Yesterday, as the peloton crested a small rise near to the spa town of Fiuggi in southern Italy, Team Sky rode to the front. It has been a rare sight in this year’s Giro d’Italia where, mostly, it has been Tinkoff-Saxo dictating the pace.
It is all part of the plan, according to Sky. The team are aiming to win a third Grand Tour here in Italy, with Australian Richie Porte their leading contender. Porte dominated this year’s early season stage races, winning in Paris-Nice, Catalunya and Trentino.
General manager David Brailsford says he is happy to let Tinkoff-Saxo take the reins for Alberto Contador, who is in the leader’s pink jersey. Or they’ll let Astana work for Fabio Aru, who sits second overall at two seconds. Porte is in third at 20 seconds.
“We are in a good spot,” Brailsford said with his back to Sky’s ‘Death Star’ bus where Porte was showering after stage seven. “It’s a long race, and we are playing a long game.”
Sky’s other two Grand Tour wins came on the back of defensive rides. Bradley Wiggins had to hold his yellow jersey lead for 14 days in the 2012 Tour de France. Chris Froome held his for the same amount of time in the victorious 2013 Tour.
If Porte took the Giro d’Italia’s famous maglia rosa or pink jersey today after the climb to Campitello Matese, 1430 metres, then Sky would face a similar 14-day ride to reach Milan. But if Porte remained in his current spot, Brailsford would not mind.
“You have to look at the strength of your team and what the race holds,” he said. “On the one hand, it’s a nice confidence boost to have the jersey, but on the other hand, with the TT coming up, there will be time pluses and minuses there. It’ll be interesting to see where we stand after that… On the other hand, with the jersey, you have to work hard to control it, which we know.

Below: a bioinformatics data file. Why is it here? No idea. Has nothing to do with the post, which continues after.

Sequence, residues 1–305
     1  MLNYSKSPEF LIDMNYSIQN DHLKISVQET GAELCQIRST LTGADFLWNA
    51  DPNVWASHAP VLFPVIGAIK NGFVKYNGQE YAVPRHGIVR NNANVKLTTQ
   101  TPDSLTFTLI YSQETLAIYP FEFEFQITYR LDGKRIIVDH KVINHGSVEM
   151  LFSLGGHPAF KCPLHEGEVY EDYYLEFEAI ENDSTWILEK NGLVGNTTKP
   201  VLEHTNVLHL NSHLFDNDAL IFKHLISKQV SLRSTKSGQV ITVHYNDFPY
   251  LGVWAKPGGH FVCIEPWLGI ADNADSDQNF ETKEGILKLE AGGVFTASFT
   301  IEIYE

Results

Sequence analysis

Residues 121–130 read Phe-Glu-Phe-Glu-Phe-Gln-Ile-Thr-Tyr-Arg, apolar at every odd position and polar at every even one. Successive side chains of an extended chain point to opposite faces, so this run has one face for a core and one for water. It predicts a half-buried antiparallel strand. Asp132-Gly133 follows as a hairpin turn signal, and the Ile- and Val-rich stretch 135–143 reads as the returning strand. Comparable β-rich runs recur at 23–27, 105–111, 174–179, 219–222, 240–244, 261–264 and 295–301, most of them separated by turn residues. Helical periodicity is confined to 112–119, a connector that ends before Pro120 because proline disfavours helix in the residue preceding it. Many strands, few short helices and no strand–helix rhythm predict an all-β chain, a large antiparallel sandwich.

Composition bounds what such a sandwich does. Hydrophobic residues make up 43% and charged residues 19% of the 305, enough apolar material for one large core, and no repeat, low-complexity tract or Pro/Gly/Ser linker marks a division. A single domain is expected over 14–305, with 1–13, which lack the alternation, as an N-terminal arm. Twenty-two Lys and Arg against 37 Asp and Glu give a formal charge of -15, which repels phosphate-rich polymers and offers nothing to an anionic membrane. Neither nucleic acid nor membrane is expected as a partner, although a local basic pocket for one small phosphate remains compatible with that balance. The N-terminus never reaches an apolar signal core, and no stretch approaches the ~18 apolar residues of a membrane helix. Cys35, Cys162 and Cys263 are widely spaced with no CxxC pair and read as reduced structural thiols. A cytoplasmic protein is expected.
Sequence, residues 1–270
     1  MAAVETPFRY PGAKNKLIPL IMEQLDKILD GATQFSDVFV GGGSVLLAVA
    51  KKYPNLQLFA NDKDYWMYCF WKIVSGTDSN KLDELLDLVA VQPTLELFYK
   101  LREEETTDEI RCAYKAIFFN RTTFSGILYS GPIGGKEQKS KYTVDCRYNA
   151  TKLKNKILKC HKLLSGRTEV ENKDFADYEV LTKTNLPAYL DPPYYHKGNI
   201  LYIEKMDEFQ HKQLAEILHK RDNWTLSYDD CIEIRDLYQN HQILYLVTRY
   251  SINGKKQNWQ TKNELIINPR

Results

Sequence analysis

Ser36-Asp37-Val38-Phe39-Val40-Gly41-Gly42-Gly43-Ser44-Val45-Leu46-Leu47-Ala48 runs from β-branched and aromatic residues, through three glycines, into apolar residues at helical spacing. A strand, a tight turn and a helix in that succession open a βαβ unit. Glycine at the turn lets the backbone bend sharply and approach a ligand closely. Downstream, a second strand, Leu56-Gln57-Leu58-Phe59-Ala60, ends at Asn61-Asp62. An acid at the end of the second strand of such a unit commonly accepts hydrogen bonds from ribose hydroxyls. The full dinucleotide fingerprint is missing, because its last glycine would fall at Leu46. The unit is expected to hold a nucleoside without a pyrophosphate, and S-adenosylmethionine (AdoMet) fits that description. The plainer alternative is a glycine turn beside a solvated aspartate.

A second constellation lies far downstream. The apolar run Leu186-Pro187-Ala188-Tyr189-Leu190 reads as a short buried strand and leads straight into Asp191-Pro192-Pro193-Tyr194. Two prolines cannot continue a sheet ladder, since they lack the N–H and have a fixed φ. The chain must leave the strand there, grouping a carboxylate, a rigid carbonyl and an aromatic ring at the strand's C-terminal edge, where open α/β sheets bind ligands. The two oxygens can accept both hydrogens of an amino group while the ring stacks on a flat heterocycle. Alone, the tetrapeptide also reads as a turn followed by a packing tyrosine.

“The key thing about a Grand Tour is to have the energy of the team when you need it, when it really matters. That’s why we’ve taken a good look at this race and come into it, knowing that Astana and Saxo are pretty full-on, we are playing the long game.”
This 2015 Giro d’Italia covers 3486 kilometres over 21 stages, which includes seven summit finishes – tomorrow being the second – and a long 59.4-kilometre time trial for stage 14 next Saturday.
The road to Campitello Matese climbs 13 kilometres with sections of 12 per cent gradient, more than what the riders faced on Wednesday at the Abetone ski resort, when Contador took the lead. It is nothing compared to the high Alpine passes in Italy’s north in the third week, but it could be enough to tilt the race in Porte’s favour and see him don the pink jersey.
The team has not always been visible so far, but Brailsford said it could take control of a summit finish when needed.
“We didn’t need to do it yet. Think about it. There are a lot of guys here already working very hard. We are coming at it maybe a little bit differently than we raced in the past. We are waiting for the moment.”